NHL fans confused as Lightning score after Avalanche goalie Kuemper loses mask

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Anthony Cirelli #71 of the Tampa Bay Lightning scores a goal against Darcy Kuemper #35 of the Colorado Avalanche. (Photo by Mike Carlson/NHLGetty Images)
Anthony Cirelli #71 of the Tampa Bay Lightning scores a goal against Darcy Kuemper #35 of the Colorado Avalanche. (Photo by Mike Carlson/NHLGetty Images)

It didn’t take long for the Tampa Bay Lightning to get on the board in Game 4 of the Stanley Cup Final against the Colorado Avalanche on Wednesday night. The Bolts took the lead just 36 seconds, with the goal causing a stir on social media.

Lightning forward Anthony Cirelli put a rebound home past Darcy Kuemper, and the goal counted even though the Avalanche goalie's mask had fallen off.

That’s because, according to Rule 9.6: "When a goalkeeper has lost his helmet and/or face mask and […] the opposing team has control of the puck, play shall only be stopped if there is no immediate and impending scoring opportunity."

Kuemper still had his mask on when Lightning forward Alex Killorn first shot at him. The Avalanche netminder made an impressive save, but did not control the puck. Kuemper's mask got knocked off by the ensuing shot and Cirelli pounced on the rebound. The play is a perfect example of an “immediate and impending scoring opportunity.”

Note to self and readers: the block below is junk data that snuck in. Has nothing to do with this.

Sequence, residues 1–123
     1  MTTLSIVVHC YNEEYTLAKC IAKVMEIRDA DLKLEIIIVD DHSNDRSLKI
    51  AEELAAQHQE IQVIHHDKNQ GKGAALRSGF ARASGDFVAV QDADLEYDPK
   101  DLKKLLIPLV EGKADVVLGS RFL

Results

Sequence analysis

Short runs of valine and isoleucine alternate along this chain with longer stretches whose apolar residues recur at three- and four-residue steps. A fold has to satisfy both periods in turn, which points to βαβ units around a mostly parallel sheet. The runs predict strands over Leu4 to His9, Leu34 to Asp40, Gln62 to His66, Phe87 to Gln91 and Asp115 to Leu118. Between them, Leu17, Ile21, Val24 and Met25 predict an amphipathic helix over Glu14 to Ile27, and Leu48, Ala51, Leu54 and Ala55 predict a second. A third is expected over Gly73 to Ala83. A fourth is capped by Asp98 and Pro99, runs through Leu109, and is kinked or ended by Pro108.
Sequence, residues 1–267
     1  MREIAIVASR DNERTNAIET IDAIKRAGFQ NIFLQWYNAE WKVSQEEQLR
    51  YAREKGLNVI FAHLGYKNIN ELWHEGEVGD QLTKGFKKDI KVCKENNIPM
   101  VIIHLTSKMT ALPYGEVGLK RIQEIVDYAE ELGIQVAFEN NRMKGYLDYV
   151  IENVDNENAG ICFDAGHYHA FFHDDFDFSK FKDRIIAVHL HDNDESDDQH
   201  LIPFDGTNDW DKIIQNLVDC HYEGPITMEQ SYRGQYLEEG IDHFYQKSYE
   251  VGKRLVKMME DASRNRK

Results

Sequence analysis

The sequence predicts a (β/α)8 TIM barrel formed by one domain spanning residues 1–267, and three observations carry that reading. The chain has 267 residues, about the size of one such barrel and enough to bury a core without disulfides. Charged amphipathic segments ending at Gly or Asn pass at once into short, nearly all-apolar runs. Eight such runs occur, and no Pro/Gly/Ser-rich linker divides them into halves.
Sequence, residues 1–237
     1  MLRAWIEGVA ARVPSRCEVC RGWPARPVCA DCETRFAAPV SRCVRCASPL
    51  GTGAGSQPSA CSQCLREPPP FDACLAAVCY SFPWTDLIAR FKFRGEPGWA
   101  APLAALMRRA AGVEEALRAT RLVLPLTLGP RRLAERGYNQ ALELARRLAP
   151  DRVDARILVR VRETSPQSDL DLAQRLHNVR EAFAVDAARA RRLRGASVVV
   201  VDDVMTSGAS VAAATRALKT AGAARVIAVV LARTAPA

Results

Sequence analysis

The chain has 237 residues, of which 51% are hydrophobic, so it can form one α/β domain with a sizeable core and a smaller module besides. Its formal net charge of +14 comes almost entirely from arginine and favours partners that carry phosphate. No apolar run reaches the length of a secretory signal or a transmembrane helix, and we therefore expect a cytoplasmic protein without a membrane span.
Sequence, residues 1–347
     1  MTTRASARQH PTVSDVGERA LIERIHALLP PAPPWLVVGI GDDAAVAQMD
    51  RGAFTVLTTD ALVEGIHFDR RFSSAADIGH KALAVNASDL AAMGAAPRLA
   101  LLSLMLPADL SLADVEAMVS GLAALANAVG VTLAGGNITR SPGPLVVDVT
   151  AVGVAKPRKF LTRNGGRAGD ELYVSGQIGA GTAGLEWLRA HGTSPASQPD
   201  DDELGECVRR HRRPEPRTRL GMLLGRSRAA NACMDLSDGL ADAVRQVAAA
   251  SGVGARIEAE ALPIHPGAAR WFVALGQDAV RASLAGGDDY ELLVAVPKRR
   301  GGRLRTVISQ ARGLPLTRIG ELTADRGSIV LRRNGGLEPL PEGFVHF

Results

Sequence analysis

However, not everyone is aware of the rule, and it didn’t take long for fans to react on social media.

Unlike many fans, the Avalanche coaching staff was clearly well aware of the rule and did not challenge.

The play could have been dangerous, and Kuemper has already suffered a facial injury earlier in the postseason. In Game 3 of the first-round series against the Nashville Predators, Ryan Johansen's stick slipped through the protective bars on Kuemper’s mask and caught him around the eyelid. He missed the fourth game of that series due to the injury.

It was the second time in his NHL career an inadvertent stick blade had poked Kuemper through his mask. It is understandable that he was worried about continuing play on the Lightning’s first goal of Game 4.

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